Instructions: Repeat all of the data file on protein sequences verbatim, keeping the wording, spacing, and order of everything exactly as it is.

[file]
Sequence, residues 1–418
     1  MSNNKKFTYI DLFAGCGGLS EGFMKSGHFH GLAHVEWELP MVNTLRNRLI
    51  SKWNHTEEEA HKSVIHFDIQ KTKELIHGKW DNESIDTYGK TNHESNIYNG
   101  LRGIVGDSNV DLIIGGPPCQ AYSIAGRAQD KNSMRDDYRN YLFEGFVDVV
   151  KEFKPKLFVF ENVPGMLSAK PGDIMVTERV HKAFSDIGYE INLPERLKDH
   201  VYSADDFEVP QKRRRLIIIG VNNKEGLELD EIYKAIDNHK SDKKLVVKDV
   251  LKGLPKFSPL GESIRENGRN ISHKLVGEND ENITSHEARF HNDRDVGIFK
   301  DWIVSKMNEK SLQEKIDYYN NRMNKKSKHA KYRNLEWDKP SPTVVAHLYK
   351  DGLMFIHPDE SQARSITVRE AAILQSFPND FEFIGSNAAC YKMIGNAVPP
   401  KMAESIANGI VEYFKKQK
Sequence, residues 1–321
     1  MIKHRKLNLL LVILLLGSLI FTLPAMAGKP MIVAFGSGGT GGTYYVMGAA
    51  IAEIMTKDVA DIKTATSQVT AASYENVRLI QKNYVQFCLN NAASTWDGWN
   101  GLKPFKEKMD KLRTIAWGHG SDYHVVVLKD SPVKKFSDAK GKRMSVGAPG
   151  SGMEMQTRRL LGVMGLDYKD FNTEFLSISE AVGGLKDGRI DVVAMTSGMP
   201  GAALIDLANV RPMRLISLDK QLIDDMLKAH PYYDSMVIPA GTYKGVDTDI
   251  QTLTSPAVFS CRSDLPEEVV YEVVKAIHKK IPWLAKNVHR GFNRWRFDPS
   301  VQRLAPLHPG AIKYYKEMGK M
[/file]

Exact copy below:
Sequence, residues 1–418
     1  MSNNKKFTYI DLFAGCGGLS EGFMKSGHFH GLAHVEWELP MVNTLRNRLI
    51  SKWNHTEEEA HKSVIHFDIQ KTKELIHGKW DNESIDTYGK TNHESNIYNG
   101  LRGIVGDSNV DLIIGGPPCQ AYSIAGRAQD KNSMRDDYRN YLFEGFVDVV
   151  KEFKPKLFVF ENVPGMLSAK PGDIMVTERV HKAFSDIGYE INLPERLKDH
   201  VYSADDFEVP QKRRRLIIIG VNNKEGLELD EIYKAIDNHK SDKKLVVKDV
   251  LKGLPKFSPL GESIRENGRN ISHKLVGEND ENITSHEARF HNDRDVGIFK
   301  DWIVSKMNEK SLQEKIDYYN NRMNKKSKHA KYRNLEWDKP SPTVVAHLYK
   351  DGLMFIHPDE SQARSITVRE AAILQSFPND FEFIGSNAAC YKMIGNAVPP
   401  KMAESIANGI VEYFKKQK
Sequence, residues 1–321
     1  MIKHRKLNLL LVILLLGSLI FTLPAMAGKP MIVAFGSGGT GGTYYVMGAA
    51  IAEIMTKDVA DIKTATSQVT AASYENVRLI QKNYVQFCLN NAASTWDGWN
   101  GLKPFKEKMD KLRTIAWGHG SDYHVVVLKD SPVKKFSDAK GKRMSVGAPG
   151  SGMEMQTRRL LGVMGLDYKD FNTEFLSISE AVGGLKDGRI DVVAMTSGMP
   201  GAALIDLANV RPMRLISLDK QLIDDMLKAH PYYDSMVIPA GTYKGVDTDI
   251  QTLTSPAVFS CRSDLPEEVV YEVVKAIHKK IPWLAKNVHR GFNRWRFDPS
   301  VQRLAPLHPG AIKYYKEMGK M